If you've tuned out the past reporting of Canada weathering the financial crisis storm and wondered what all the fuss was about (the IMF naming us the strongest banking system in the world during the meltdown), here's an article that might just make you even more proud of our fine country and banking industry.
As quoted near the end of the article, I think this paragraph summarizes the author's argument best:
In my conversations with Canadian bankers, one of the things that struck me was how often they referred to mothers. Nixon [CEO of RBC] mentioned his mother and her good opinion when explaining why he gave back his bonus in 2008; Clark [CEO of TD] uses the mother-in-law test, as in “Would you sell it to your mother-in-law?” to help TD employees figure out if they should be hawking a product to their customers. In an era when Wall Street investment banks issue notes warning their clients they may be short-selling the investments they are marketing, this sounds like a charmingly Canadian attitude. But it is easier to be nice if you don’t need to be nasty just to make a buck.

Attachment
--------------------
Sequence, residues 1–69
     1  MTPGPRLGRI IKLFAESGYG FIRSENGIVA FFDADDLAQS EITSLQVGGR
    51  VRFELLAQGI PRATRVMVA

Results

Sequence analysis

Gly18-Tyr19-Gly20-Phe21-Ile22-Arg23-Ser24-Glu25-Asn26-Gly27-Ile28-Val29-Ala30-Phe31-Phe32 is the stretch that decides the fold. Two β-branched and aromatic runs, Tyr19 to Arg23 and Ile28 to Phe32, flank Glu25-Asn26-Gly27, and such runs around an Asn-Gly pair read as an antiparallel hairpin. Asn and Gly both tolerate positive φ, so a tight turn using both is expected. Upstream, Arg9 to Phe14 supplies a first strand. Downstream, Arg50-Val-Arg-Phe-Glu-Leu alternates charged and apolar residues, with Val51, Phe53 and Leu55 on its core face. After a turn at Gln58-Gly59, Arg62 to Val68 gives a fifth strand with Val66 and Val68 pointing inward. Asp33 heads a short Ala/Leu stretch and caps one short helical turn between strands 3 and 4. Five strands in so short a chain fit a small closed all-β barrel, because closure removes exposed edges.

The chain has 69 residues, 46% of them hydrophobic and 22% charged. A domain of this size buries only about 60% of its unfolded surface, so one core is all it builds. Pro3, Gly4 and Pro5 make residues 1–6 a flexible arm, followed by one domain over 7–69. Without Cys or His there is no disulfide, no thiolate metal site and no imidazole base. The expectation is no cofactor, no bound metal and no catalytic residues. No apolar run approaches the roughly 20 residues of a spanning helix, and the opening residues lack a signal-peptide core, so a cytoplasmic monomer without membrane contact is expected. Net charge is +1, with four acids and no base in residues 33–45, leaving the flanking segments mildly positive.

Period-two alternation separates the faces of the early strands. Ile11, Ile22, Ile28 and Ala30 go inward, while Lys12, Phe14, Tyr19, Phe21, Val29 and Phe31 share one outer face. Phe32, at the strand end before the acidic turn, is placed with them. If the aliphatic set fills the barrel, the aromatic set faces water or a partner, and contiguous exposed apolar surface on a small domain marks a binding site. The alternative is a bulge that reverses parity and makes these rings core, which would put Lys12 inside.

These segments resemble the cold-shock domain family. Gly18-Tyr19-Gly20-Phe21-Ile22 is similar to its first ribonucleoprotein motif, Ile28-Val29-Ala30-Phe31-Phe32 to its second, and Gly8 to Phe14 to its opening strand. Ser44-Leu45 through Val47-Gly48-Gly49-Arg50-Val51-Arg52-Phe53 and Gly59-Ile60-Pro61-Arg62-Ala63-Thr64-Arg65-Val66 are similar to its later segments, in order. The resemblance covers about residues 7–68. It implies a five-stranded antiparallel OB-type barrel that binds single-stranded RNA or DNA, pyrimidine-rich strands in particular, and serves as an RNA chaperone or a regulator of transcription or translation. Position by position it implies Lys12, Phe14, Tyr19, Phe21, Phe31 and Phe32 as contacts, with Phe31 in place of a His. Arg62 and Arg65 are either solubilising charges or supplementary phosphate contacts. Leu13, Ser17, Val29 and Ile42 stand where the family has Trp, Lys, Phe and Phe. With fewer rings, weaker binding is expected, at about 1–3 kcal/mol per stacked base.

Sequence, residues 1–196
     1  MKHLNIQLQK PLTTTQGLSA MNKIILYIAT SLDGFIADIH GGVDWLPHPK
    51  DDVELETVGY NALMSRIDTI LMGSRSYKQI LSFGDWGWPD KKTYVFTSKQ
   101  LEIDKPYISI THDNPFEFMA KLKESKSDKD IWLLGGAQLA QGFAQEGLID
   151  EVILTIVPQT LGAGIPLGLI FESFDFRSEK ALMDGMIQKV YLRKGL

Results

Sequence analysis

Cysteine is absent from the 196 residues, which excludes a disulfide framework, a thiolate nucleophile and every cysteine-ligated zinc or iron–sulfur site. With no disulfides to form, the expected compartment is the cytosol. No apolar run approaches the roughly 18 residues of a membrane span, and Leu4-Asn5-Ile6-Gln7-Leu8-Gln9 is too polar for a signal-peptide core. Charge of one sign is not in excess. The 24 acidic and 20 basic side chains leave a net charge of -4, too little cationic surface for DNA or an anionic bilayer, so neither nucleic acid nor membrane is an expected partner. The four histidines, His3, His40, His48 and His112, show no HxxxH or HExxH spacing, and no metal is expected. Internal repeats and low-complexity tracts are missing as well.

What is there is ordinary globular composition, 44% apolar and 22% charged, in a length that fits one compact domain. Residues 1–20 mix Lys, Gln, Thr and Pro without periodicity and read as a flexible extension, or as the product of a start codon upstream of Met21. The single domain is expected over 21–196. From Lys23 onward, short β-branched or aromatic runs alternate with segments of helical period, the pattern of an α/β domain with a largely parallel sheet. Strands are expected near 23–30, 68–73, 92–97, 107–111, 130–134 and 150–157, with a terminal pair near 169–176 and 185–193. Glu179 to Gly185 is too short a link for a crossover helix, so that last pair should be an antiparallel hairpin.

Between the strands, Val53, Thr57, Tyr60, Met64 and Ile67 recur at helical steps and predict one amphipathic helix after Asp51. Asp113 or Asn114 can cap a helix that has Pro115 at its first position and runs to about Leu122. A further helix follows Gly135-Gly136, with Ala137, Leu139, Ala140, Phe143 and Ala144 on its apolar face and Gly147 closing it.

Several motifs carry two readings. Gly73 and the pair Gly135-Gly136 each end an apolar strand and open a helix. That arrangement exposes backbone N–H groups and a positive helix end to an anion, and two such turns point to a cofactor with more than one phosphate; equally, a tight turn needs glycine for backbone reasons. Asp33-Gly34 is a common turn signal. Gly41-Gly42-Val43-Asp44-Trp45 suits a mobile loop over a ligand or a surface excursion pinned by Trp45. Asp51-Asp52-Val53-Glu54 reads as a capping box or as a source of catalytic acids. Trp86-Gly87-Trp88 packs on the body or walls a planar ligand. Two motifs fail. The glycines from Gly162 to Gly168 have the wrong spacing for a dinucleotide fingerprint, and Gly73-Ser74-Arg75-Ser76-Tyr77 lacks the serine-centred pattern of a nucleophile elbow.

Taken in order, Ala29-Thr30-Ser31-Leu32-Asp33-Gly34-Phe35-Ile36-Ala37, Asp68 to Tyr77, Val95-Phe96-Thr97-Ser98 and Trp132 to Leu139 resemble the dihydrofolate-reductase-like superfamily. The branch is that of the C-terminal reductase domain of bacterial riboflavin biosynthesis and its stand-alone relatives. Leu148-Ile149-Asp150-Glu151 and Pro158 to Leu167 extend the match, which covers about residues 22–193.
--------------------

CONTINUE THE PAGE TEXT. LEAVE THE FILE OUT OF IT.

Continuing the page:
Read the full article here: http://www.ft.com/cms/s/2/db2b340a-0a1b-11df-8b23-00144feabdc0.html#axzz1g9BnSeBz
Might I also suggest that you review the definition of securitization here, mortgage-backed securities here, and asset-backed securities here.